spaceSpace and Physics

Tiny Satellites Discover Biggest Stellar Heartbeat


Dr. Alfredo Carpineti

Senior Staff Writer & Space Correspondent

clockMar 8 2017, 21:33 UTC

Artist's impression of Iota Orionis. Danielle Futselaar

Astronomers have used a fleet of tiny satellites to take a precise measurement of the interaction between two stars in the constellation of Orion. In doing so, they discovered the biggest stellar heartbeat known to date.

The research, published in the Monthly Notices of the Royal Astronomical Society, describe the binary system Iota Orionis in great detail. The stars in the system orbit each other in a highly elliptical 29-day orbit. For about 90 percent of the time, they go about unchanged, but for the remaining time, they get so close that their gravity forces them to change shape, massively increasing their luminosity.


“The variations look strikingly similar to an electrocardiogram showing the sinus rhythms of the heart, and are known as heartbeat systems,” Herbert Pablo, the project's principal investigator, a post-doctoral researcher at University of Montréal and member of the Centre for Research in Astrophysics of Quebec, said in a statement.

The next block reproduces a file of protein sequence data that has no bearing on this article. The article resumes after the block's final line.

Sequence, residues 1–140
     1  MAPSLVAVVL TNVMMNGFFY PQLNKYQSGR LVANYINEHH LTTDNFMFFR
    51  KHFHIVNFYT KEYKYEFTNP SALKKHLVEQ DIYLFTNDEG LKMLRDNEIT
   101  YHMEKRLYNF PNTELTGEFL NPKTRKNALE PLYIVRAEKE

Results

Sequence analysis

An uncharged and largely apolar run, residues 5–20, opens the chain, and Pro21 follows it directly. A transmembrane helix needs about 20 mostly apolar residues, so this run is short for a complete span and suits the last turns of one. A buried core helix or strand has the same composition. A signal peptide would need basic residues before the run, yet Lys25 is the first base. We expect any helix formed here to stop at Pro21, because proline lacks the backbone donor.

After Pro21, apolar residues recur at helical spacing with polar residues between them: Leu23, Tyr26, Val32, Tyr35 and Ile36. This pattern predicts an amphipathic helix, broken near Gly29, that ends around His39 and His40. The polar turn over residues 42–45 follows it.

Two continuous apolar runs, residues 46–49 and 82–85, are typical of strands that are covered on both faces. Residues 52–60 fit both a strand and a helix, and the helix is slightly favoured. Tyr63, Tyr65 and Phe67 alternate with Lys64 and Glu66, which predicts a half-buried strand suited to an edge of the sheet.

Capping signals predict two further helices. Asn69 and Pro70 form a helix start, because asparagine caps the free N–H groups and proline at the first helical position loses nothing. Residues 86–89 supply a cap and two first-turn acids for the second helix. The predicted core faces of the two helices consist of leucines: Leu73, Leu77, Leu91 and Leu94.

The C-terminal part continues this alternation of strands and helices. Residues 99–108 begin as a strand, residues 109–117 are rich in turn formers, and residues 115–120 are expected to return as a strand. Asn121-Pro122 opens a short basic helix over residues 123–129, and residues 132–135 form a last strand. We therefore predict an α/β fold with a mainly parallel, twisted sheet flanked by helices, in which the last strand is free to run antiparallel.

The system is massive, with the two stars weighing collectively 35-times the mass of the Sun. Their mass and unusual interaction allow astronomers to use asteroseismology techniques on the star. Practically, they can work out the interior of the stars by looking at how it vibrates.

“The intense gravitational force between the stars as they move closer together triggers quakes in the star, allowing us to probe the star’s inner workings, just as we do for the Earth’s interior during Earthquakes,” Pablo added.


The data was collected from the BRIght Target Explorer constellation (BRITE), a group of five nanosats that are being used to investigate the brightest stars in the sky. “As the first functional nanosatellite astronomy mission, the BRITE-Constellation is at the vanguard of this coming space revolution,” said Canadian BRITE-Constellation principal investigator Gregg Wade of the Royal Military College of Canada.

The team hope that these observations will launch more campaigns to understand the complex lives of massive stars. They might not be as numerous as yellow or red stars, but they are the cradles of all the heavy elements that make humans and life possible.

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